Negotiating with
International Customers,
Partners, and Regulators
Global Perspective
A Japanese Aisatsu
• Face-to-face negotiations are an omnipresent activity in
international commerce.
• Executives must also negotiate with representatives of foreign
• A crucial aspect of all international commercial relationships is the
negotiation of the original agreement.
• If cultural differences are taken into account, business agreements
can be made that lead to long-term, profitable relationships across
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The Dangers of Stereotypes
Europeans Stereotype Themselves
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The Dangers of Stereotypes
• Negotiations are conducted between people, not national
• Cultural factors often make huge differences
• Negotiation behaviors are different across regions, genders, and
type of industry
• Age and experience also make important differences
• Consider the culture of customers and business partners, but treat
them as individuals
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The Pervasive Impact of Culture on Negotiation
• Regional generalizations very often are not correct
• Cultural differences cause four kinds of problems in international
business negotiations:
Nonverbal behaviors
Thinking and decision-making processes
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Differences in Language and Nonverbal
• Americans are near the bottom of the languages skills list
• Americans don’t like side conversations by foreigners in their
native language
• The variation across cultures is greater when comparing linguistic
aspects of language and nonverbal behaviors than when the verbal
content of negotiations is considered
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Differences in Language and Nonverbal
Japanese Negotiators Exchange Business Cards –
Important Ritual
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Differences in Language and Nonverbal
Tactics –
The What of
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Differences in Language and Nonverbal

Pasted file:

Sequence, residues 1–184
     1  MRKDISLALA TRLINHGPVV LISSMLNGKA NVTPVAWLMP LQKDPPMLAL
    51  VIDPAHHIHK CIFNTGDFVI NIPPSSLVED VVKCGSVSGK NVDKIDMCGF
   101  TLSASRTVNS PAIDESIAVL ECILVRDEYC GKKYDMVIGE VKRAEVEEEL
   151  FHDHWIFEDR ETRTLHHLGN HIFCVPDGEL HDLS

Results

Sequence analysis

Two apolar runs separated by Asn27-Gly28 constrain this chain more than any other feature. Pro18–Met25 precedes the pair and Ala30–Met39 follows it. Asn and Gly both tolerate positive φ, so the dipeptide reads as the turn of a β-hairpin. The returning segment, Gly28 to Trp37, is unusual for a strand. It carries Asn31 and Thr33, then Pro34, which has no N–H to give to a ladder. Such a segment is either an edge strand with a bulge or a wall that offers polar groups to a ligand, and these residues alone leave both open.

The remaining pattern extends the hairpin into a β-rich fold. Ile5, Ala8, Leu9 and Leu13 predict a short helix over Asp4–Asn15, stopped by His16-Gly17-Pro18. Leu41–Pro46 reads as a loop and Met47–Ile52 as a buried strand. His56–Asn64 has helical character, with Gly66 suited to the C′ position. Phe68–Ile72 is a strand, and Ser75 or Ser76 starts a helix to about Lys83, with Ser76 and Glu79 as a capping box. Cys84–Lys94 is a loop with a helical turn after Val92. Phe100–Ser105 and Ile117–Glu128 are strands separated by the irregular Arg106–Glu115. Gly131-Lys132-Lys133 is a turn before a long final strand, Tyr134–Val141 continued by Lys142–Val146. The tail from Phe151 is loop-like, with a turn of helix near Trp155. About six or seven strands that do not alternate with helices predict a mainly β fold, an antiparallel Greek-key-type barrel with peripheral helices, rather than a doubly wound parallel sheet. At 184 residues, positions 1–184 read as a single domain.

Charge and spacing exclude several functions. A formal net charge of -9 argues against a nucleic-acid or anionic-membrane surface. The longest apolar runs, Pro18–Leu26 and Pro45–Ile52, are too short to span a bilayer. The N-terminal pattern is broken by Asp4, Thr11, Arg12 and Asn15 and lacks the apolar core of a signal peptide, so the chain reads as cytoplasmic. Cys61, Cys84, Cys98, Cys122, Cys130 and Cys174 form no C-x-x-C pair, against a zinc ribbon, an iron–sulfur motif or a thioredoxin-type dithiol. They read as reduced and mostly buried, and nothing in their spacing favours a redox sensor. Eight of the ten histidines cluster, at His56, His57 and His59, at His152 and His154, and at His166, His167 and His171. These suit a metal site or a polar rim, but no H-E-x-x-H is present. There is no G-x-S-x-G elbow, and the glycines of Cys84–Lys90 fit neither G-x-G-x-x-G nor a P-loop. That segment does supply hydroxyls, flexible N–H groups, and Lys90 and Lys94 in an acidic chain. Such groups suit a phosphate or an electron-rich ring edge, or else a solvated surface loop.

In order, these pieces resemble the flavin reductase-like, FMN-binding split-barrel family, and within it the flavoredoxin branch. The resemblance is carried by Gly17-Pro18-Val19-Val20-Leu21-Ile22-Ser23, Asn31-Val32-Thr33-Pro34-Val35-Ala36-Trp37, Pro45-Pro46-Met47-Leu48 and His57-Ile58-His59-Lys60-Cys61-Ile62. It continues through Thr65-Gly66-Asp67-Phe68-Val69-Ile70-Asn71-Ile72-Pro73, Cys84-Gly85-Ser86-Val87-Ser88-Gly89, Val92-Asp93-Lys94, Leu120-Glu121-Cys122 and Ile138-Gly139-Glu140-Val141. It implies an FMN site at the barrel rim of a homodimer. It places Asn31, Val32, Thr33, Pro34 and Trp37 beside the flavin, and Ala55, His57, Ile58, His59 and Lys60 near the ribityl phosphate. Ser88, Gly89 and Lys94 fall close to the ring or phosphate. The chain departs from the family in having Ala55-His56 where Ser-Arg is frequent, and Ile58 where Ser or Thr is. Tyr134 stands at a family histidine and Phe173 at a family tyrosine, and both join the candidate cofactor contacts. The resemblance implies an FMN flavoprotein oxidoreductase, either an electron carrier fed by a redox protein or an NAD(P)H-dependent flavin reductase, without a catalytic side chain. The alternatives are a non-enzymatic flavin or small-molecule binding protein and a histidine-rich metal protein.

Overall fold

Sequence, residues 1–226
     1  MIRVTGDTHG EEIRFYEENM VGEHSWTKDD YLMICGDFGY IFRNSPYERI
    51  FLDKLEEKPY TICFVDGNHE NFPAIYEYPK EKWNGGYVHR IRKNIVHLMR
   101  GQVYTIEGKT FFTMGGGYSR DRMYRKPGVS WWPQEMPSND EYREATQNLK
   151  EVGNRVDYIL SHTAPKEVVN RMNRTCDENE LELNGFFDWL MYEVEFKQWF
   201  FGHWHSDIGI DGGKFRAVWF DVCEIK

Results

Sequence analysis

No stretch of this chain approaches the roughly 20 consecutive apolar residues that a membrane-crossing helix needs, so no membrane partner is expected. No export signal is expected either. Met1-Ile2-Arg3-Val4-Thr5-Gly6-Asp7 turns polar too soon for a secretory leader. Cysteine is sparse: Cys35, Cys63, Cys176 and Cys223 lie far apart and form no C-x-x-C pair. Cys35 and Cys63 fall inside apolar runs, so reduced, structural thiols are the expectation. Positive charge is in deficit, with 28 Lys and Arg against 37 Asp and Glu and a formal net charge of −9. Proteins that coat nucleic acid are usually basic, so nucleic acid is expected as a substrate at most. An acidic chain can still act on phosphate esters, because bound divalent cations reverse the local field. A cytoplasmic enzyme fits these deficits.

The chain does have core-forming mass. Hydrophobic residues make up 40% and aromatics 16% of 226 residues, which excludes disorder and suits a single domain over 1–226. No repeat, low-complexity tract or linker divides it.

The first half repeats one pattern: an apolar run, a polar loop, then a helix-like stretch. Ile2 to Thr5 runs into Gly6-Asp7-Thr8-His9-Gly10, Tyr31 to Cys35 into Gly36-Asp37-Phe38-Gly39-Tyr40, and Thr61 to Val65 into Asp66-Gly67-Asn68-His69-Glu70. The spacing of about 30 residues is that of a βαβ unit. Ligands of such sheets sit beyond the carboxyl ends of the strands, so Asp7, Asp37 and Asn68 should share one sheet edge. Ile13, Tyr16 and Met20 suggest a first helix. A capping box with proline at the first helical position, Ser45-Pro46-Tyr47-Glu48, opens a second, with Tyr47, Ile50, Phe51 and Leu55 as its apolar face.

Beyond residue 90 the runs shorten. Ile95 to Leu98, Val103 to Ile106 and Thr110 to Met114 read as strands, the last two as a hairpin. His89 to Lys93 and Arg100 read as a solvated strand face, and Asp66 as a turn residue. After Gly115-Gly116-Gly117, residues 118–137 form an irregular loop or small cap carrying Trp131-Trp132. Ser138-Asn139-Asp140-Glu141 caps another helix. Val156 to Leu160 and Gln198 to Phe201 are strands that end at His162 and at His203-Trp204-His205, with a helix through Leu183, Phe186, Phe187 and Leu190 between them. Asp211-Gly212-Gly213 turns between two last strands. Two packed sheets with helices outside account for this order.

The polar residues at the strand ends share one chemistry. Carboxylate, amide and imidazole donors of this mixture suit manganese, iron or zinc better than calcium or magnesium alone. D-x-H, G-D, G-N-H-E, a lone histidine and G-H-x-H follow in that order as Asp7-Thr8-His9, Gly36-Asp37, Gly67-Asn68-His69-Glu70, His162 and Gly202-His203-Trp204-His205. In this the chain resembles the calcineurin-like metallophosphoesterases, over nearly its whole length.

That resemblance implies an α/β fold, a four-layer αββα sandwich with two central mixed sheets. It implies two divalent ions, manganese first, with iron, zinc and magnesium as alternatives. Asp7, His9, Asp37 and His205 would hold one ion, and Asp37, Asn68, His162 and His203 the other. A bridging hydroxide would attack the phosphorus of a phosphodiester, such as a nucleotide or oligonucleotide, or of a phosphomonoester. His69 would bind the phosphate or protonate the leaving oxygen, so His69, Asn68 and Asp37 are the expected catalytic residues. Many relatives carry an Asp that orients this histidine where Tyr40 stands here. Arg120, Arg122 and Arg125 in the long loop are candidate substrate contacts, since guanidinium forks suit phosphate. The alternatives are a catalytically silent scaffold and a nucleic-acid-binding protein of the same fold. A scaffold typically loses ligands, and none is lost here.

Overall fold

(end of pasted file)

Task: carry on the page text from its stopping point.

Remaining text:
Linguistic Aspects of Language and Nonverbal
Behaviors (How Things Are Said)
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Differences in Language and Nonverbal
Behaviors (continued)
• Japan
• Korea
• China (northern)
• Taiwan
• Russia
• Germany
• United Kingdom
• Spain
• France
• Brazil
• Mexico
• French-speaking Canada
• English-speaking Canada
• United States
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Differences in Values
• Objectivity
- “separating people from the problem”
• Competitiveness and equality
- Japanese appear to be the best negotiators with the highest profits
- Japanese appear to be more equitable with buyers
• Time
- The passage of time is viewed differently across cultures
- These difference most often hurt Americans
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Cultural Differences in Competitiveness and
• Insert Exhibit 19.3
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Differences in Thinking and Decision-Making
Western approach: sequential
Eastern approach: holistic
Americans: business negotiation is a problem-solving activity
Japanese: a business negotiation is a time to develop a business
relationship with the goal of long-term mutual benefit
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Implications for Managers and Negotiators
Four steps for more efficient and effective international business
Selection of the appropriate negotiation team
Management of preliminaries, including training, preparations,
and manipulation of negotiation settings
Management of the process of negotiations
Appropriate follow-up procedures and practices
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Negotiation Teams
Willingness to use team assistance